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H.Con.Res. 24 (eh) [Engrossed in House] ...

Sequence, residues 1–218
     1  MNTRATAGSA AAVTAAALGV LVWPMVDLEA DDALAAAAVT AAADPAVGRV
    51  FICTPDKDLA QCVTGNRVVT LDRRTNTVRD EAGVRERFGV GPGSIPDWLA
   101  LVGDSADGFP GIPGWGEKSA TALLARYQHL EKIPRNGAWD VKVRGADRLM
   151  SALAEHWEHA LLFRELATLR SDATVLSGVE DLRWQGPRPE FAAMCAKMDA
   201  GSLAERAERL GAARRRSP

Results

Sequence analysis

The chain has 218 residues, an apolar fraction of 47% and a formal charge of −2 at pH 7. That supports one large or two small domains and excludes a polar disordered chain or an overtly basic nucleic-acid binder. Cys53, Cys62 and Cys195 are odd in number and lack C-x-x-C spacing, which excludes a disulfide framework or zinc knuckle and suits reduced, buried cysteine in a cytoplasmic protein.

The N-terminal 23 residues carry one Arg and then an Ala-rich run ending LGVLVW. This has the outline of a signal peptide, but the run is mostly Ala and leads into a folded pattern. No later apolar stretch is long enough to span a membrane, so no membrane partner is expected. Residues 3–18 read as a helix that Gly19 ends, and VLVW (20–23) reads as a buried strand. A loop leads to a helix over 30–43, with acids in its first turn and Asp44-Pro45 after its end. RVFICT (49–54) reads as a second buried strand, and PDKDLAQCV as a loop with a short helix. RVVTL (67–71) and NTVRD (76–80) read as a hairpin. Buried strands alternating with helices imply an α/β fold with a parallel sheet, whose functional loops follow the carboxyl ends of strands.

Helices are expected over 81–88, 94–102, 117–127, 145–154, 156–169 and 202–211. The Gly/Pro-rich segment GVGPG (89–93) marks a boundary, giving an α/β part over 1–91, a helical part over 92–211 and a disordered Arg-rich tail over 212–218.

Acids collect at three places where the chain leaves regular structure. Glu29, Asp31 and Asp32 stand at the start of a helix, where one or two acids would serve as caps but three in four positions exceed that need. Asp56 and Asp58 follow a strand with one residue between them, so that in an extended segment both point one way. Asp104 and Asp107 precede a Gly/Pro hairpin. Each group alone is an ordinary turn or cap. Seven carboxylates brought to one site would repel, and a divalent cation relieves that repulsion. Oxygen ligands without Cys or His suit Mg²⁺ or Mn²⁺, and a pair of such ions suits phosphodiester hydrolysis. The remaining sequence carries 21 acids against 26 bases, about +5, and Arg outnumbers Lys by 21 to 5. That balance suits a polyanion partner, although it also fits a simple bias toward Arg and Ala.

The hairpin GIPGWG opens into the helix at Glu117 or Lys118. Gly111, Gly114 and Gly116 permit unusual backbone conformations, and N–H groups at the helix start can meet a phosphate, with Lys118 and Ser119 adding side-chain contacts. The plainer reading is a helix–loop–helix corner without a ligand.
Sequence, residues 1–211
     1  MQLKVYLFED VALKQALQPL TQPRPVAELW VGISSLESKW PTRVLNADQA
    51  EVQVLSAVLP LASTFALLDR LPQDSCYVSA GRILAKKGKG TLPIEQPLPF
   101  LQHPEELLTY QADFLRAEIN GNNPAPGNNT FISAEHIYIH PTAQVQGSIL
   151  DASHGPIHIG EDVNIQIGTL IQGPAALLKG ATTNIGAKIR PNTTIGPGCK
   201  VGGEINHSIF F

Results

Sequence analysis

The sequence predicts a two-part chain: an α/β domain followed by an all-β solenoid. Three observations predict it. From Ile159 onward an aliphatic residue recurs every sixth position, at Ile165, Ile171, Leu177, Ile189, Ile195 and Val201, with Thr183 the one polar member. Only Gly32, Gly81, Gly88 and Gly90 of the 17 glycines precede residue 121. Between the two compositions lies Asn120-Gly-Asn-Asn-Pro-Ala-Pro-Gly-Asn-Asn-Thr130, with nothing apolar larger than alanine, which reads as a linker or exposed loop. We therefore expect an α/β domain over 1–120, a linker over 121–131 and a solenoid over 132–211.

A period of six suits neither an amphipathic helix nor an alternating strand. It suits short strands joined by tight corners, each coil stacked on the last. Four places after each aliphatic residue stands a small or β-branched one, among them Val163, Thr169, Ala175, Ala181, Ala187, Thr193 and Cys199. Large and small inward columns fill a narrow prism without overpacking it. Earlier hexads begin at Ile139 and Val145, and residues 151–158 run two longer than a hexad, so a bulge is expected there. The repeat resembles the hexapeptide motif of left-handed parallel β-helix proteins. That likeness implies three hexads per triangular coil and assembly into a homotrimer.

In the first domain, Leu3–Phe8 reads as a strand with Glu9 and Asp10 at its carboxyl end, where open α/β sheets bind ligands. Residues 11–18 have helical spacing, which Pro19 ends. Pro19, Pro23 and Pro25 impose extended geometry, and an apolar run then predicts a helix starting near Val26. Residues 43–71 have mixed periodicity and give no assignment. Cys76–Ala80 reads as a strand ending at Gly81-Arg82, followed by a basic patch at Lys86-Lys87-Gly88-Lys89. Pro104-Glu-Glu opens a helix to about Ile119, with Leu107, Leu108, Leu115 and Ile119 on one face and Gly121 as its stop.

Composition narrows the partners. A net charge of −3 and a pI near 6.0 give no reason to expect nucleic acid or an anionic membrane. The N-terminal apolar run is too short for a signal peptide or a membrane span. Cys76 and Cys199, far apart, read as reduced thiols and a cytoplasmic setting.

108th CONGRESS 1st Session H. CON. RES. 249 Expressing the sense of Congress that the United States should remain engaged in Iraq in order to ensure a peaceful, stable, unified Iraq with a representative government, and for other purposes. _______________________________________________________________________ IN THE HOUSE OF REPRESENTATIVES July 22, 2003 Mr. Hastings of Florida submitted the following concurrent resolution; which was referred to the Committee on International Relations _______________________________________________________________________ CONCURRENT RESOLUTION Expressing the sense of Congress that the United States should remain engaged in Iraq in order to ensure a peaceful, stable, unified Iraq with a representative government, and for other purposes. Whereas the United States, with the support of Great Britain and other countries, historically and courageously toppled the regime of Saddam Hussein and the Baath party; Whereas conditions on the ground in parts of Iraq continue to pose a grave threat to United States troops, thereby complicating efforts to restore law and order and essential public services for Iraqis, and these efforts are further complicated by the absence of effective communications with the Iraqi people; Whereas ultimately, maintaining law and order in Iraq and preserving its territorial integrity will require the creation of a professionally- trained Iraqi police force and a reformed Iraqi military, but that will take a significant amount of time and in the meantime international armed forces and police must assume these responsibilities; Whereas approximately 145,000 United States troops are currently deployed in Iraq, meaning that United States Armed Forces comprise approximately 90 percent of Coalition forces, and even if, as the Department of Defense has stated, an additional 10,000 international troops join the Coalition effort in Iraq by September 2003, United States Armed Forces will still comprise approximately 85 percent of Coalition forces; Whereas maintaining the existing force level in Iraq currently requires at least $3,900,000,000 each month; Whereas the Department of Defense has stated that it will require one year to train a new Iraqi Army of 12,000 soldiers and three years to train 40,000 soldiers; Whereas the Coalition Provisional Authority has stated that it will require at least one year to recruit and train a police force of 40,000 officers capable of assuming minimal policy functions in Iraq, that it will require five years to recruit and train a full force of 75,000 officers, and that at least 5,500 additional international police are needed to train, assist, and jointly patrol with the existing Iraqi police force; Whereas President Bush has noted that ``[t]he rise of Iraq, as an example of moderation and democracy and prosperity, is a massive and long-term undertaking'', and it is clear that increasing the number of troops and police from countries other than the United States will reduce risks to American soldiers and the financial cost to the United States; Whereas Secretary of Defense Rumsfeld testified that ``[w]e certainly want assistance from NATO and from NATO countries'' and it is clear that involving the North Atlantic Treaty Organization, as is being done in Afghanistan and has been done in Kosovo and Bosnia, allows the Coalition to maintain a robust military presence while decreasing the exposure and risk to United States troops; and Whereas rebuilding Iraq's neglected infrastructure and economy and administering Iraq, including providing basic services and paying public sector salaries, is likely to require tens of billions of dollars over several years and projected Iraqi oil revenues will be insufficient to meet these costs: Now, therefore, be it Resolved by the House of Representatives (the Senate concurring), That it is the sense of Congress that-- (1) it is in the interest of the United States to remain engaged in Iraq in order to ensure a peaceful, stable, unified Iraq with a representative government; (2) the Organization for the Prohibition of Chemical Weapons and other appropriate international and nongovernmental organizations should provide assistance to the Coalition in Iraq in order to contribute to international security and stability, general and complete disarmament, and global economic development; (3) the President should request formally and expeditiously that the North Atlantic Treaty Organization (NATO) raise a force for deployment in post-war Iraq to assist in the development and training of the new national Iraqi military and civilian police force; and (4) the President should call on the United Nations to urge its member states to provide military forces and civilian police to promote stability and security in Iraq and resources to help rebuild and administer Iraq, and for the development and training of the new national Iraqi military and civilian police force. <all>
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